What are Merchant Fees?

Mary McMahon
Mary McMahon

Merchant fees are fees associated with processing credit cards. These fees vary depending on the type of business, the bank it has a merchant account with, and the credit cards accepted. Consumers are often unaware that when they make purchases by credit card, the merchant does not receive the full amount, thanks to the deduction of merchant fees. This is one reason why businesses which accept credit cards are sometimes forced to raise prices, as a small percentage on each purchase can add up to a major expense over time.

Credit card being swiped through a terminal.
Credit card being swiped through a terminal.

A number of different fees fall within the umbrella of merchant fees. When someone opens up a merchant account, an application fee must generally be paid. In addition to this, the merchant will need to pay an annual fee to maintain the account. Every time a credit card is run, the merchant is charged what is known as an interchange fee, the fee for the merchant's bank to communicate with the issuer of the credit card to authorize the transaction and get the money. Additionally, the merchant's bank charges a processing fee for each credit card transaction.

Per transaction fees may be based on a percentage of the transaction, or they may be flat fees. Some merchant banks combine these two methods, charging a base flat fee per transaction and adding a percentage fee. This ensures that they make a minimum amount with every transaction. Merchants are also charged “batch fees” which are associated with bundling their transaction information and sending it in a batch to the bank for processing. Until transactions are batched, they do not actually go through, with the transactions being considered pending, which is why it sometimes takes a few days for credit card charges to show up on customer accounts.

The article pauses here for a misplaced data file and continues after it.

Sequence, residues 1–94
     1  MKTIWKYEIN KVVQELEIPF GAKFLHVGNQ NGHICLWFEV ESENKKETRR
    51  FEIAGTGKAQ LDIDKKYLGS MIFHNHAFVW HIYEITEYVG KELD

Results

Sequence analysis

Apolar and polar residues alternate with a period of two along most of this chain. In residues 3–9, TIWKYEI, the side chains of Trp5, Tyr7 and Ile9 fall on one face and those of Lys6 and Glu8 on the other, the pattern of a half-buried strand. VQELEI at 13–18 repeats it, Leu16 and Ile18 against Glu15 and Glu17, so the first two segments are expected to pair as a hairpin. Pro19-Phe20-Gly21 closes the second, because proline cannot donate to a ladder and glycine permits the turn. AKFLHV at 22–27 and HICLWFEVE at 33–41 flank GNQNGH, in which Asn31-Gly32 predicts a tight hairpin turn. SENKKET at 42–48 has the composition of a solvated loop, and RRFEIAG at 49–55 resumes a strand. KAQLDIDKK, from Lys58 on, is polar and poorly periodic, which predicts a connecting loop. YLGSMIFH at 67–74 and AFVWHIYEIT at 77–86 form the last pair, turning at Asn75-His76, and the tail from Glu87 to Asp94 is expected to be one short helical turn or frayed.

Different credit cards have different merchant fees, depending on the deals negotiated with banks which handle merchant accounts. This is why merchants usually do not accept all credit cards, because their bank either does not have a deal with a card issuer, or it does but the merchant fees are too high for the merchant to afford. Fees can also vary depending on whether people are using regular or rewards cards. Debit cards, which are handled differently, tend to be less costly to process.

Merchant fees are constantly on the rise, and periodically there are protests among groups of merchants who argue that the pricing for credit card processing is unsustainable. For members of the public, the reverberations of these protests may be felt when businesses stop accepting credit cards, institute a credit card minimum (even though this usually violates the merchant agreement), start charging more for their products, or start offering a “discount” to people who pay cash as a way of getting around restrictions which bar businesses from charging extra for credit card transactions.

Mary McMahon
Mary McMahon

Ever since she began contributing to the site several years ago, Mary has embraced the exciting challenge of being a wiseGEEK researcher and writer. Mary has a liberal arts degree from Goddard College and spends her free time reading, cooking, and exploring the great outdoors.

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Discussion Comments


Sounds like greedy theft. Everything is automated today and all fees should be non existent.


Smaller retailers might be out of luck because they don't have a lot of bargaining power. A couple of years ago, Walmart, Costco and some other large retailers got together and protested higher fees proposed by Visa and MasterCard. Does anyone know if they were successful -- did the credit card companies back down or did the retailers reach an agreement with Visa and MasterCard?


Retailers may get together and complain about higher merchant fees, but how often are those attempts successful? The credit card companies have them over a barrel -- they can lose business if they ban cards from certain issuers over higher merchant fees.

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